Every day, after I descended the stairs and rounded the corner on my way to the locker Tee-Hee and I shared (as seniors, we didn’t HAVE to share a locker; we just wanted to!), I would see Tee-Hee, watching me and smiling as I displayed what she called “The Econ Look.” Which I can only imagine was a look of utter confusion and cluelessness.

And I am not, by nature, a clueless person.

Go figure.

Sometime between approximately 2:30 and 5:30 this morning …

Diane and I are in Chicago, where we have found a “bargain” hotel room for something like $200 a night. (You can actually do better, price-wise, and find some decent to pretty nice rooms.) We go to the second floor to find our room, 2703. Along the corridor, all the “rooms” have the number written in black Magic Marker, or perhaps Sharpie, on duct tape — only, obviously, not all the things that are numbered are actually rooms:

Turns out our “room” is actually a medicine cabinet, which I open and ask, “How are we supposed to sleep in there?” A search to find us an actual room ensues; at one point, we are directed to a corner bed in some huge hospital room, in which everything is blue scrubs-blue. Eventually, Diane and I are pooling our resources and decide we can afford a room for $300 a night, at a decidedly different hotel.


I blame this dream on a couple of my co-workers, Mona and Sandy.

Mona is having some work done on her house, and a few weeks ago, a construction worker was removing some insulation from her bathroom wall, and, as he reached in, he cut his arm in several places because there were all these razor blades stuck in her wall! Well, as it turns out — according to another co-worker of mine, Alice (actually, her brother George was the one who told her about it) — back in “the old days,” some medicine cabinets had a slot where a person could dispose of his razor blade, which fell “harmlessly” into the wall. (I say “his” because that seems like such a guy thing to do, and guys are the ones who shave in front of a mirror … right? I mean, I shave in the shower, and if I had a bathtub, I’d shave while taking a bath … although I did shave that inadvertent stripe into my right temple late last year, but that was while using the electric clippers, not while actually shaving.)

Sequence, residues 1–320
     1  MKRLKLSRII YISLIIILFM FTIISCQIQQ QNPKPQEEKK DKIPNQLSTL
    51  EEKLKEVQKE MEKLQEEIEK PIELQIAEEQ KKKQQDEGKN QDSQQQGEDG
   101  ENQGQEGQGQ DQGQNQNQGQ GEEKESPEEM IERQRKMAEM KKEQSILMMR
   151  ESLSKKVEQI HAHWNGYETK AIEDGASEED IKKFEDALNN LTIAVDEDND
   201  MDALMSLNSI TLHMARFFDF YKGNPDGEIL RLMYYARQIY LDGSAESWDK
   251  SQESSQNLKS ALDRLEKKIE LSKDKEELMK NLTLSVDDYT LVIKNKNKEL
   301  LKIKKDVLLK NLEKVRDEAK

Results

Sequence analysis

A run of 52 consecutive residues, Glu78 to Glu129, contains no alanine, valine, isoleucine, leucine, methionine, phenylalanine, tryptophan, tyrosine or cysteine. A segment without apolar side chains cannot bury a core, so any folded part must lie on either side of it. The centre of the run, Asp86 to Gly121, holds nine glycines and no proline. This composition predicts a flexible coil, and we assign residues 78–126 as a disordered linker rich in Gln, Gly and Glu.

Meanwhile, over the weekend, Sandy was planning to go to Indiana to take part in some of the Covered Bridge Festival events (read: shopping!), and she was talking about how she and a bunch of her girlfriends have gone and stayed seven or eight to a room — which, to me, sounds like the true definition of “hell” — and also how, one year, she and her husband found themselves a bargain price at a Days Inn or some other chain (she couldn’t remember which one, for sure) over there, and once they arrived, they quickly realized the hotel was in a very, very bad part of town.

Just found out that Polly Ann Weathers died this morning.

Polly was best pals with my buddy and longtime co-worker, Joe Anne Malkovich. She’d had a tough life, Polly Ann, but as my friend Becky said, “She handled it, and you never heard her complain.”

I always liked talking to Polly Ann. She like me, too; I’m pretty sure it was because I’d written good stuff about her grandsons over the years. (That was easy to do: They are good kids.)

Polly used to send me a birthday card each year, and at Christmastime, she’d bring me a bag full of Chex party mix. I’d send her a card, too, whenever I remembered (I’ll admit it: I’m a bit lax, sometimes), but I really had no excuse for not remembering: Her birthday was the same day as my dad’s.

It’s a dreary day here, but I hope the sun is shining for Polly Ann in paradise. She deserves it.

1. Life isn’t fair.

2. People are idiots.

3. Rules 1 and 2 are pretty much interchangeable.

OK, I’m not as cranky as I might seem. In fact, I have been meaning to give a few shout-outs (even though I’m pretty sure I’m not crazy about the term “shout-outs”) to some people who have been especially good about listening to me rant/vent about current events over the last week-and-a-half or so — just as they’ve been pretty much great about listening to me rant/vent over pretty much whatever, lo these many years.

So, to Patti, Tee-Hee and, above all, Mom: Thank you.

It’s so easy, sometimes, to get caught up in My Little Life. I make a big deal out of trying to hold my head up, keep my eyes open and see the world around me, but often it gets entirely too convenient to view everything, instead, with tunnel vision.

Sometimes I do it out of self-preservation. I mean, if you pay close attention, you realize that, at almost any point, someone’s life is falling apart, to some degree. Do I want to get caught up in the drama? (Usually not.) Is it possible to stay involved yet keep myself separate from it all? (Usually not entirely … but I try my best.)

Occasionally, I wish I had all the answers. Of course, that, too, would be a nightmare because then, everyone would be coming to me for the answers.

August 2019